by Connie Ricketts
In June, 450 CASA staff, volunteers and other supporters converged on Capitol Hill to bring the children’s voice to elected officials. Connie Ricketts, CASA program coordinator, Northern Essex CASA (MA), describes her delegation’s successful day on the Hill in her guest blog post below.
On June 12, nine members from four CASA programs in Massachusetts ascended Capitol Hill to share stories about the great work we do, thank our staunch supporters, and to educate those not familiar with the impact that court appointed special advocates have on the lives of abused and neglected children.
We were welcomed very openly first by Senator Kerry’s legislative correspondent, Megan Thompson, who hosted us four years ago during the last CASA Meets Congress event and was looking forward to an update on how we were doing. She too had an update. Senator Kerry introduced a bill called “Families for Foster Youth Stamp Act” in which he is supporting a United States postage stamp from which some monies will in turn be available for the Court Improvement Program and programs of the Adoption Opportunities Act. Senator Kerry is aware of the plight of our foster youth and supports improving permanency for this population.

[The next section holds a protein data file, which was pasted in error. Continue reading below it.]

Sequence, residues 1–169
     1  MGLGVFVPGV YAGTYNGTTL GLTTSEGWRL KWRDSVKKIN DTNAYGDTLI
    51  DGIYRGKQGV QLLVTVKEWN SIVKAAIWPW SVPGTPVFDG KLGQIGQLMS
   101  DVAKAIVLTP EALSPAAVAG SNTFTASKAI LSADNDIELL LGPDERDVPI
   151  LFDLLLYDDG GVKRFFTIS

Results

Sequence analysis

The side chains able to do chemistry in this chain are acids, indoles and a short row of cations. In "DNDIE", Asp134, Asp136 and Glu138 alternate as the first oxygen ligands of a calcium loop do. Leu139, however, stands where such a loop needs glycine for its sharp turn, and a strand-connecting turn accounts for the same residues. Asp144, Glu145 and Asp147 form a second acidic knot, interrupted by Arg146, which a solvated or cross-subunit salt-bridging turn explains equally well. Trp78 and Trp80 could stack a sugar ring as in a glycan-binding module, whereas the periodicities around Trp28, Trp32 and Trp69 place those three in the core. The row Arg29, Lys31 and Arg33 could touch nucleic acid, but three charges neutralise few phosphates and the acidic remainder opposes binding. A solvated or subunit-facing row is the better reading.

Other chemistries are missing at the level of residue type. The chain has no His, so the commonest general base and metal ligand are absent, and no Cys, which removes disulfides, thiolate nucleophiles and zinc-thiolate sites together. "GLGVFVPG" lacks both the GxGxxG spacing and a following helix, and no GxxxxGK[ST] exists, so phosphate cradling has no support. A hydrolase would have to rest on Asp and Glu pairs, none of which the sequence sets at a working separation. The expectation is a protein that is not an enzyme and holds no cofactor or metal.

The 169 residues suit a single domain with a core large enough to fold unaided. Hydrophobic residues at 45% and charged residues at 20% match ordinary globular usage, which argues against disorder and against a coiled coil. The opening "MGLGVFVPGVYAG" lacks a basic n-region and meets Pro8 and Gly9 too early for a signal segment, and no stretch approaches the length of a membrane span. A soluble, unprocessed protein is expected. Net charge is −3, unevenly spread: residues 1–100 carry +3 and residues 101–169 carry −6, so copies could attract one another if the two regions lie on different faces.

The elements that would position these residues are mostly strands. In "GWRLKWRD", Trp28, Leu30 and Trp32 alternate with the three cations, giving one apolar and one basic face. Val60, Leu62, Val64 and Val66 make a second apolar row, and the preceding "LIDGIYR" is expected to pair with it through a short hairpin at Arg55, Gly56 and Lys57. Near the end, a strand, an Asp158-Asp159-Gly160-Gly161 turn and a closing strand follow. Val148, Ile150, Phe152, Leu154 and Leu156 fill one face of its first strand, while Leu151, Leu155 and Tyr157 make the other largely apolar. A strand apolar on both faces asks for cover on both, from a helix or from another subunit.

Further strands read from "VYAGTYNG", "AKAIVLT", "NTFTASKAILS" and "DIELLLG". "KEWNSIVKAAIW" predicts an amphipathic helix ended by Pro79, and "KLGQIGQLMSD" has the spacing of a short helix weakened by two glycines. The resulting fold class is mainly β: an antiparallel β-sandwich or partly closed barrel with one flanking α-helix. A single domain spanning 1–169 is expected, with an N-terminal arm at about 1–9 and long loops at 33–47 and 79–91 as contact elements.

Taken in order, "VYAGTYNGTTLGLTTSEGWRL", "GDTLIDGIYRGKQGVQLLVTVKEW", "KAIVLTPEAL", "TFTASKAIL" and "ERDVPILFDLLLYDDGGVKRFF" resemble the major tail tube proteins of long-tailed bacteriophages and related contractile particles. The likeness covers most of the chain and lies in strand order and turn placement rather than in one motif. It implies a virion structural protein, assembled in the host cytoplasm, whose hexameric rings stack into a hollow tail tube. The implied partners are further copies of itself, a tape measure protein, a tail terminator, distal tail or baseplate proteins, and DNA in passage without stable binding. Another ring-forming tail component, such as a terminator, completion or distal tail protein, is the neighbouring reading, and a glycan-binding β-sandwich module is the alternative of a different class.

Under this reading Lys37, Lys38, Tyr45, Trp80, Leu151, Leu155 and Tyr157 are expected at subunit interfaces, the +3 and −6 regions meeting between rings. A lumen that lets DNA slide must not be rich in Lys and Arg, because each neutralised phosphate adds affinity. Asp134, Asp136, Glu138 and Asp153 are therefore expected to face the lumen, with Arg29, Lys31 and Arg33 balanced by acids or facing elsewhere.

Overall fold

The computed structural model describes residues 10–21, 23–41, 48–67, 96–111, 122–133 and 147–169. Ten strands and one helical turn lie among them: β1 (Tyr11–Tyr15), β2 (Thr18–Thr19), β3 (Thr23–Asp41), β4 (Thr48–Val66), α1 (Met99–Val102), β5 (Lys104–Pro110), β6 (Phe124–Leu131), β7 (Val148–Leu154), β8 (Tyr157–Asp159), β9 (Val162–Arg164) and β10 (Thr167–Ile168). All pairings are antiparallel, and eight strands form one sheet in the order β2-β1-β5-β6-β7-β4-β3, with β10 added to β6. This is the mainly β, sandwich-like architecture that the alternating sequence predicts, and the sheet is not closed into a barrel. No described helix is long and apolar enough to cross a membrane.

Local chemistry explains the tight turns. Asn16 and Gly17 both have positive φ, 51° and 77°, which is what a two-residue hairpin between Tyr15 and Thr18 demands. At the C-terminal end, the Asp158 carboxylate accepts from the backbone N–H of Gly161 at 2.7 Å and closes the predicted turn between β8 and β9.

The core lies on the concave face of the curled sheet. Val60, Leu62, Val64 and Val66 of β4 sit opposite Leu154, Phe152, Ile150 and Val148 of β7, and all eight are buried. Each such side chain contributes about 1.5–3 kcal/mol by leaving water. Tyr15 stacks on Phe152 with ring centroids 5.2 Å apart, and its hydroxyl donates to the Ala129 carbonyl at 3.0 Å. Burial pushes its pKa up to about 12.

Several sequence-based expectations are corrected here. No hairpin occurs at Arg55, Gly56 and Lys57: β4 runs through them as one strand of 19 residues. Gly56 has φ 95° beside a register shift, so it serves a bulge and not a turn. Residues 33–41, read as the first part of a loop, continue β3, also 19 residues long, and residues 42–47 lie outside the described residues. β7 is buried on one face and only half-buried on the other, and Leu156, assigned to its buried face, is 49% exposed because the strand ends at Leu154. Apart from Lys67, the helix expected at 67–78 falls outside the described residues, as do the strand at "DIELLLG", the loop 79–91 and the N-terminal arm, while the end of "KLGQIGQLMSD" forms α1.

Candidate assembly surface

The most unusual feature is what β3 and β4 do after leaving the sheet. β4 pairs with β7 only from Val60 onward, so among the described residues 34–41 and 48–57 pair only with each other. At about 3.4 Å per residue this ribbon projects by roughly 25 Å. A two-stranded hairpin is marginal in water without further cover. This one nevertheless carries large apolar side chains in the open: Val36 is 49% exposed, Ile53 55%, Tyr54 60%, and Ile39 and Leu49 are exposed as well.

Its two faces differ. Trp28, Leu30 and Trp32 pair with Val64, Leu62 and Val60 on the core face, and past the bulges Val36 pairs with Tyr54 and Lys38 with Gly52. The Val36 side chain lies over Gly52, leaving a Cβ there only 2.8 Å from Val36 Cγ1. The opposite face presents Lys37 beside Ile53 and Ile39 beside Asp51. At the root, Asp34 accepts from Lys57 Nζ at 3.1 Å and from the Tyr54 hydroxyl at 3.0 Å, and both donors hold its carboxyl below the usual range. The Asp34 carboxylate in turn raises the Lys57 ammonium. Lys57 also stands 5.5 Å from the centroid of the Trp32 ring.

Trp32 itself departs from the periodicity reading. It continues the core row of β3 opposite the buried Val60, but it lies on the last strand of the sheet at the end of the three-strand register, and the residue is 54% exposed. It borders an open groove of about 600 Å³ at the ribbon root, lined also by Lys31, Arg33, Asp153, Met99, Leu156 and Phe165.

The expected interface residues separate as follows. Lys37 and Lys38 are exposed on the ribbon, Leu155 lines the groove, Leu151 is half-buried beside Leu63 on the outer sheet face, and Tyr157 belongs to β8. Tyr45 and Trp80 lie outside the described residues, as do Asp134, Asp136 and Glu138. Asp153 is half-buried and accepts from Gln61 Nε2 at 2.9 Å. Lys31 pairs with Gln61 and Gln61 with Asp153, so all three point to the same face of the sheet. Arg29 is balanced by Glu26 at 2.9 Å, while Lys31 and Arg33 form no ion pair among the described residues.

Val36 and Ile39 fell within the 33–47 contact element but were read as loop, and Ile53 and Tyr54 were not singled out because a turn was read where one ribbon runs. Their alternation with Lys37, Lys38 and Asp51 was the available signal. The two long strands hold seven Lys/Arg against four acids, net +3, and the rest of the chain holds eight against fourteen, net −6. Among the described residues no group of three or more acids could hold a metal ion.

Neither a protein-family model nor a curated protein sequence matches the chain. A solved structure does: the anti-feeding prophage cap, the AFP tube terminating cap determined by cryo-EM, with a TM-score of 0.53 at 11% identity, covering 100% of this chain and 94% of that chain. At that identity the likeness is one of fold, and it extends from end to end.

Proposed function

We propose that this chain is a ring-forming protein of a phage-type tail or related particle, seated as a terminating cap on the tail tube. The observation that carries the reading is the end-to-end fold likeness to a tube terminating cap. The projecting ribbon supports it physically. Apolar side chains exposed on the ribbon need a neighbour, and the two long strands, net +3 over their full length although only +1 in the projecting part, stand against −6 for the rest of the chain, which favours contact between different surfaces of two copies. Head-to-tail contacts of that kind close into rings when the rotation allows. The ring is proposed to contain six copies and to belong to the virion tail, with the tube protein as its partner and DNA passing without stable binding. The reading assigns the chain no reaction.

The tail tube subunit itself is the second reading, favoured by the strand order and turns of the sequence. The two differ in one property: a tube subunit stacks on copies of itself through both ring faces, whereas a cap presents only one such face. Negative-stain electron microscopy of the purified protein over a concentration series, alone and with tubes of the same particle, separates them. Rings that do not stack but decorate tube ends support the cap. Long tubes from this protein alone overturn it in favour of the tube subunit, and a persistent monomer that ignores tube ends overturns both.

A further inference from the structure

Second, we spent time collectively and personally with Sen. Scott Brown. On the day of our meeting, Senator Brown was set to give a speech to the House of Representatives urging bi-partisan support of the Violence Against Women’s Act (VAWA). WOW, how lucky we are to have someone as important as Scott Brown advocating for VAWA, which reauthorizes CASA funding for four years. What was especially important was that Senator Brown shared his own story of the impact of domestic violence within his own family, upon him personally, and the story of his troubled youth. He shared a touching story about a juvenile court judge who “saw potential in him” and years later told him that he knew he would rise above the crime he committed as a youth. Isn’t that what a CASA volunteer does? CASA advocates see potential in the children we serve and they too need an opportunity to be who they want to be.
Massachusetts CASA volunteers are proud of the legislative support both federally and locally that we receive because it is a testament to the important work we do and our supporters know that the voices of the children we serve will be heard.
Photo: Members of the Massachusetts CASA Meets Congress delegation met with representatives including Sen. Scott Brown (R-MA), center.